Crystal structure of the eucaryotic ribosome
View of the structure of the yeast ribosome: the small subunit is shown in blue whereas the large subunit is shown in yellow. Ribosomal RNA is shown in red.
Science Nov. 26, 2010
Nov. 25, 2010
One year after the Nobel Prize in chemistry was awarded for the discovery of the bacterial ribosome's atomic structure, French researchers from the Institut de Genetique et de Biologie Moleculaire et Cellulaire have determined the first structure of a eukaryotic ribosome, that of yeast. This work, published on 26 November 2010 in the journal Science, puts an end to the frantic international race to discover the structure of this imposing cellular machinery.
The eukaryotic ribosome is at present the largest biological asymmetric molecule whose structure has been elucidated by crystallography. These results provide new research leads to enhance our understanding of the dynamics of protein synthesis in order to develop new therapeutic compounds.
The ribosome, a complex “nanomachine”
The ribosome is a vital machine of the cell, which ensures protein synthesis from genetic information. It interacts with numerous proteins and plays a key role in various cellular processes. Researchers have for many years been attempting to determine its atomic structure, a considerable challenge given its size and complexity. The bacterial ribosome has a structure similar but not identical to that of the eukaryotic ribosome (non bacterial). It is smaller, only 2.3 MDa, compared to 3.3 MDa for the eukaryotic ribosome) but has the same general organization into two subunits. In 2009, the Nobel Prize in chemistry was awarded to the researchers who were the first to determine the structure of the bacterial ribosome. Since then, there has been a frantic race to elucidate the structure of its eukaryotic counterpart.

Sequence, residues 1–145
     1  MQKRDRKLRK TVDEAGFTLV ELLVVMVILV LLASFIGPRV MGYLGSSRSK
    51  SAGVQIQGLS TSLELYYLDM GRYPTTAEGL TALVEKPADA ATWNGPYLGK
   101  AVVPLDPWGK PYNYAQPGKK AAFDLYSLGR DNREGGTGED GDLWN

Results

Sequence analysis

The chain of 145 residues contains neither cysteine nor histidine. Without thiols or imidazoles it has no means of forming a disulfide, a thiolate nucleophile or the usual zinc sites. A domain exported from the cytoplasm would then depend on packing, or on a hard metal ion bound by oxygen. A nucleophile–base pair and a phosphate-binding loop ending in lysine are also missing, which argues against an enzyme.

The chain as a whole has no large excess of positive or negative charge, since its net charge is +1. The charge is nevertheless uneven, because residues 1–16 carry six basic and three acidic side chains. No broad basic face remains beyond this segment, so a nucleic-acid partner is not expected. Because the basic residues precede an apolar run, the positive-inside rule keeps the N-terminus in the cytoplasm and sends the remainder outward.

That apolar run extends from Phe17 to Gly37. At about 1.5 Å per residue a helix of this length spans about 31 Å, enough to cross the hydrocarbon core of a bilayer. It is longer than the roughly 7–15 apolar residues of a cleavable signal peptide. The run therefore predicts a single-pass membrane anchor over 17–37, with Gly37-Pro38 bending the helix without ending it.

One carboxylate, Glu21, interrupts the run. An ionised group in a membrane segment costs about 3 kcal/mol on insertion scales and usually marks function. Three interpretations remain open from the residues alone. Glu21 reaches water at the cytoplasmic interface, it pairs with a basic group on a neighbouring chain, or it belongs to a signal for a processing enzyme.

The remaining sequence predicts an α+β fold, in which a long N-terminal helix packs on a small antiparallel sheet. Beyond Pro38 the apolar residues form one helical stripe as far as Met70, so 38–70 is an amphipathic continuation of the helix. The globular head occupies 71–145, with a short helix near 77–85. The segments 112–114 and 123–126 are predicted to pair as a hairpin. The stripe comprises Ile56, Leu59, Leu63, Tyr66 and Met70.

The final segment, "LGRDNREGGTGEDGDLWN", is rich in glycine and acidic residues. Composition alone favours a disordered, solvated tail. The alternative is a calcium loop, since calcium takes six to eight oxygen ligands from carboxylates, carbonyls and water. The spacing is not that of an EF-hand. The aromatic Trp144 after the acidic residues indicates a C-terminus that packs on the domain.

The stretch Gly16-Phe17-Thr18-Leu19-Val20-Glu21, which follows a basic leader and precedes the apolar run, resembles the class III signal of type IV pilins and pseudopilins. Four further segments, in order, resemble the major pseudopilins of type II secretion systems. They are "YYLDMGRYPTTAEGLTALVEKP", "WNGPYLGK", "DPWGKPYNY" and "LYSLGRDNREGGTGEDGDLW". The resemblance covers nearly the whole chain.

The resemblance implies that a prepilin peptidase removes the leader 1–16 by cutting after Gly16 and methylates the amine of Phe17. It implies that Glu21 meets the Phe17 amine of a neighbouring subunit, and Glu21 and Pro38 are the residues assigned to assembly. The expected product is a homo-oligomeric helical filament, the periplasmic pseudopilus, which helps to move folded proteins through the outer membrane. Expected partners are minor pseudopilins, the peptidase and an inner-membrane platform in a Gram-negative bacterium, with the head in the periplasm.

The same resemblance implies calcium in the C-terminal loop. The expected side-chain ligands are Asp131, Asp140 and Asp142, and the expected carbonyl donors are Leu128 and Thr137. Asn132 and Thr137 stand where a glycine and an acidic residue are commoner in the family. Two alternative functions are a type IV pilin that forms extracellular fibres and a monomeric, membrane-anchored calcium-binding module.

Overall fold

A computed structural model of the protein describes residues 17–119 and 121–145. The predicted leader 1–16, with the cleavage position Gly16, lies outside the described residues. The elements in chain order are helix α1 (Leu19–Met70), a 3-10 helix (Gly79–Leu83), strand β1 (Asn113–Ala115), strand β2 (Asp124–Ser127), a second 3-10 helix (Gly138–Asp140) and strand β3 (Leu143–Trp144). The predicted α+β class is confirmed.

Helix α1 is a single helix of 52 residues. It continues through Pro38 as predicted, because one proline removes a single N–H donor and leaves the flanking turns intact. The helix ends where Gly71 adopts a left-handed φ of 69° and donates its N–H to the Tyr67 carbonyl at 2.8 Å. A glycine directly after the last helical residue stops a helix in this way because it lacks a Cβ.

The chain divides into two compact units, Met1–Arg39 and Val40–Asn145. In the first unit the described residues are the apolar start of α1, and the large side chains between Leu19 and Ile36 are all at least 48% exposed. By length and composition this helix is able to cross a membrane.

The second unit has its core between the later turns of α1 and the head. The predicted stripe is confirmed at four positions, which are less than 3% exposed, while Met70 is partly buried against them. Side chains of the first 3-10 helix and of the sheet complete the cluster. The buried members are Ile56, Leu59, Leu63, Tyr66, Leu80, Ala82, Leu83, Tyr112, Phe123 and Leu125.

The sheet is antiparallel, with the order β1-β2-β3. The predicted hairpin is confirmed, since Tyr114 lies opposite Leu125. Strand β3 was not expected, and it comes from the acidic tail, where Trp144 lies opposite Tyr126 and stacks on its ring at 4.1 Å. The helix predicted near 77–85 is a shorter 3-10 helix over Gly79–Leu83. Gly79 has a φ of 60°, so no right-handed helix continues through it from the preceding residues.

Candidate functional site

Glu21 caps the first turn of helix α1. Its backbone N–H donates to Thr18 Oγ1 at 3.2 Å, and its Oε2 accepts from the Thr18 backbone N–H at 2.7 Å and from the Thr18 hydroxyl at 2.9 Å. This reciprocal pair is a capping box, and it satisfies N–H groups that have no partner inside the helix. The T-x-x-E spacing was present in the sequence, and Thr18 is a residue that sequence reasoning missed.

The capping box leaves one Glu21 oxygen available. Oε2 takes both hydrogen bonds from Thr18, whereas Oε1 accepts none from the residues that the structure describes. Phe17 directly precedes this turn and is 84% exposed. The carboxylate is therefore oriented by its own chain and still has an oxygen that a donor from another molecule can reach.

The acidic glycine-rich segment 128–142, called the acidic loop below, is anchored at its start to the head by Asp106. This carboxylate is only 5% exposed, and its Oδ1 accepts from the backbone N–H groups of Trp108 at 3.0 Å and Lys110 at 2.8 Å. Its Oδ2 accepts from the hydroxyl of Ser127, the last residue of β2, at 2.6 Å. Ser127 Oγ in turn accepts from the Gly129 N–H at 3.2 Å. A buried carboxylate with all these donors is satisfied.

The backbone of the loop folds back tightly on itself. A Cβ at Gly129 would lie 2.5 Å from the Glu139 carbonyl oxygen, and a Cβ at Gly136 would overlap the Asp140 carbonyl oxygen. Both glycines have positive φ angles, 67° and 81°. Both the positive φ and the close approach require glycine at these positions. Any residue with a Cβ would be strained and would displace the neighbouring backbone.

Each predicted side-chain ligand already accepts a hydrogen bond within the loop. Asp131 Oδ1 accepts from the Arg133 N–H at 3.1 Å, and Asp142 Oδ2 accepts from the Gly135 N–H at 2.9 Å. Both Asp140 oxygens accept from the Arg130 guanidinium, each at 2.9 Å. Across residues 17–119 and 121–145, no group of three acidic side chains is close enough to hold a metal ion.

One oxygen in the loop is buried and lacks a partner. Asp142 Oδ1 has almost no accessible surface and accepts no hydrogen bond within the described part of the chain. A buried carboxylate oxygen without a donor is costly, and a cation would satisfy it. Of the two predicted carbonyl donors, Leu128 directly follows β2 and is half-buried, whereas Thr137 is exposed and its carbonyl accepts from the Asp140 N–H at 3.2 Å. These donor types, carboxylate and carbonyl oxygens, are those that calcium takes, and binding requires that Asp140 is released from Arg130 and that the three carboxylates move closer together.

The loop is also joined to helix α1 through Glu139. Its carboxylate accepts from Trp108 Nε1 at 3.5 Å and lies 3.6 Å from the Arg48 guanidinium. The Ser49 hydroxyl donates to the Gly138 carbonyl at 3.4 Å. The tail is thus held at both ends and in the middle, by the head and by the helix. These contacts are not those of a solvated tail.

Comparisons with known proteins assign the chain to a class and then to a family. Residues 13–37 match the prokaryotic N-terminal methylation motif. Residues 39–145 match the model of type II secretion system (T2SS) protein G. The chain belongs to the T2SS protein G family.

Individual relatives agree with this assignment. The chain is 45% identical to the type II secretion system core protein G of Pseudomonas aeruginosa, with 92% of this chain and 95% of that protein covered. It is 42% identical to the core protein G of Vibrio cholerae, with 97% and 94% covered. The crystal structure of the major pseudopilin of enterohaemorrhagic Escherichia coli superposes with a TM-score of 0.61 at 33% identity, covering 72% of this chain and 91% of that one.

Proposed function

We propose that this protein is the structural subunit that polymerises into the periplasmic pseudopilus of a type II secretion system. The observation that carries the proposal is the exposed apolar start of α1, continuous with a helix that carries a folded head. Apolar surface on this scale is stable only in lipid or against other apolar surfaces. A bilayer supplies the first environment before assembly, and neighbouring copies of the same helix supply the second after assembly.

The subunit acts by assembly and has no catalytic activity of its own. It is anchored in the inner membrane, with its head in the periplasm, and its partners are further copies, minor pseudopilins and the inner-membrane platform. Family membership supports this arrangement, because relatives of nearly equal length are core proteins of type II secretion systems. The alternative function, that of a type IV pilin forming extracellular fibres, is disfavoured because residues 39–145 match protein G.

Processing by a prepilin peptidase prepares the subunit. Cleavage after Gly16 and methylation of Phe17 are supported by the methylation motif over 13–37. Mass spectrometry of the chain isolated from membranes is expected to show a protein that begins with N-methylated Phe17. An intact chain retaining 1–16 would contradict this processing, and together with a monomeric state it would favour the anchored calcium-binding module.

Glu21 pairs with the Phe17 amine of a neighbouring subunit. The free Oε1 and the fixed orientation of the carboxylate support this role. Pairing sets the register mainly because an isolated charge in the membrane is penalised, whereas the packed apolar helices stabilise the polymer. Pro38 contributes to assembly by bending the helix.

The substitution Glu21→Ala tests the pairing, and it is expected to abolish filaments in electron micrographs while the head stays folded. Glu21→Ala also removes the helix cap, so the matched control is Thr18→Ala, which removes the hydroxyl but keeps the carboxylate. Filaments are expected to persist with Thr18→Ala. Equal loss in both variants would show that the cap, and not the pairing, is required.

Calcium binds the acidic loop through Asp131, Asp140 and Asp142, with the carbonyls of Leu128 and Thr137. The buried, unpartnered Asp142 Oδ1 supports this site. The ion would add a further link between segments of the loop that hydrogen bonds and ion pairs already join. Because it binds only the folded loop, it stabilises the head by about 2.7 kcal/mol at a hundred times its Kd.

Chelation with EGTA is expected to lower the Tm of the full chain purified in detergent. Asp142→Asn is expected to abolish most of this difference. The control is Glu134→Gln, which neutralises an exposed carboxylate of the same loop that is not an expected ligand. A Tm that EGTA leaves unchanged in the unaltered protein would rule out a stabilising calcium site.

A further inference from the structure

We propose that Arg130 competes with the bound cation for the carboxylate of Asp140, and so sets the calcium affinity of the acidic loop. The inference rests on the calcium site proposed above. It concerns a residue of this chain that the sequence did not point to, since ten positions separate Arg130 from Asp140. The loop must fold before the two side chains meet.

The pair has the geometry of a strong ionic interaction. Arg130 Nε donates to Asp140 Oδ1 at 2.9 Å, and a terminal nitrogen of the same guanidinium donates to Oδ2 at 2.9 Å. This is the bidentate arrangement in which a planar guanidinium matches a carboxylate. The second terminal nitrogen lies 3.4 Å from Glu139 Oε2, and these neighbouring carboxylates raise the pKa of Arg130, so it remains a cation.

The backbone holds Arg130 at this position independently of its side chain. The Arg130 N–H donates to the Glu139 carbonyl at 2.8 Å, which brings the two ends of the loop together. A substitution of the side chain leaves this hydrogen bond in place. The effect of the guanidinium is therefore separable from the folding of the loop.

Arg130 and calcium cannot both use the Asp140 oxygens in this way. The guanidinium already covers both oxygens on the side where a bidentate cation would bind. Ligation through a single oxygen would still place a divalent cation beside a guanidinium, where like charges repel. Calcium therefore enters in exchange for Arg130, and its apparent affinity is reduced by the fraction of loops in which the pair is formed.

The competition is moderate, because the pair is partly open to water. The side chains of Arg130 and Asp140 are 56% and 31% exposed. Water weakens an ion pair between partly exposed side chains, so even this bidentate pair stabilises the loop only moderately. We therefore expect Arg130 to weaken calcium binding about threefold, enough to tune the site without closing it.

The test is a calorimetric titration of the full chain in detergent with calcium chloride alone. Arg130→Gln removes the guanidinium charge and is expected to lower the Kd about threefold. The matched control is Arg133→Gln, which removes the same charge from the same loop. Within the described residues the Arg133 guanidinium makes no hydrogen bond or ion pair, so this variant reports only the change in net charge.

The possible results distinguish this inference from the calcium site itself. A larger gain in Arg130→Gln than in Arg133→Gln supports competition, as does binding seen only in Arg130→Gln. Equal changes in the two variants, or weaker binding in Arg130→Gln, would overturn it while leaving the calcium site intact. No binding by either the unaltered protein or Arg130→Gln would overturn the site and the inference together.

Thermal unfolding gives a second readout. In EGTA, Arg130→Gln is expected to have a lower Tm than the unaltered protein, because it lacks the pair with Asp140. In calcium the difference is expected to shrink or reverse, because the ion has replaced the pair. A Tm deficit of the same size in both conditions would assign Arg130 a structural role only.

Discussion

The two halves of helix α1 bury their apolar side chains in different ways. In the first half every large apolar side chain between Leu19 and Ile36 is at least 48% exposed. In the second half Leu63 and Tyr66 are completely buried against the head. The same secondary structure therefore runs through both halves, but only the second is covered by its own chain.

Determining the structure of the eukaryotic ribosome: a difficult task
To determine the structure of the eukaryotic ribosome, the researchers focused on that of yeast, an ideal model organism already known and widely used in biology. With a mass of around 3.3 MDa, the eukaryotic ribosome is 40% larger than its bacterial counterpart. After a long molecular purification and stabilization process, the Strasbourg researchers finally obtained its atomic structure with very good resolution of 0.415 nanometers, i.e. a resolution on the molecular scale. The team from the Institut de Génétique et de Biologie Moléculaire et Cellulaire confirmed the existence of movements, not only within the ribosomal subunits but also between each other, highlighting the oscillatory dynamics behind the protein synthesis mechanism.
The team's next objective is to determine the structure of other eukaryotes' ribosomes and further improve the resolution of the results so as to obtain a description of the ribosome and of the mechanisms that take place therein at the atomic scale. Elucidating this structure will facilitate our understanding of structure/function relations at the atomic scale and provide the molecular bases to investigate the unique characteristics of eukaryotic translational machinery. Such a description would also provide precious information for the development of new therapeutic compounds targeting viruses, protozoa (malaria, sleeping sickness, toxoplasmosis, etc.), fungi and bacteria. In fact, blocking the ribosome of these organisms would block their activity as a whole.